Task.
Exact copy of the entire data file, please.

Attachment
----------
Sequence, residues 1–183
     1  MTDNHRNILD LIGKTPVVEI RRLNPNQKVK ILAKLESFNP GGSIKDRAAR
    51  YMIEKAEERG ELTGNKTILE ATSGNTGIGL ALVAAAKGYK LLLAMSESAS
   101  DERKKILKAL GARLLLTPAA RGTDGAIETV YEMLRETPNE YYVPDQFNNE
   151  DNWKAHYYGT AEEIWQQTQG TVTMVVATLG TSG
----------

Sequence, residues 1–183
     1  MTDNHRNILD LIGKTPVVEI RRLNPNQKVK ILAKLESFNP GGSIKDRAAR
    51  YMIEKAEERG ELTGNKTILE ATSGNTGIGL ALVAAAKGYK LLLAMSESAS
   101  DERKKILKAL GARLLLTPAA RGTDGAIETV YEMLRETPNE YYVPDQFNNE
   151  DNWKAHYYGT AEEIWQQTQG TVTMVVATLG TSG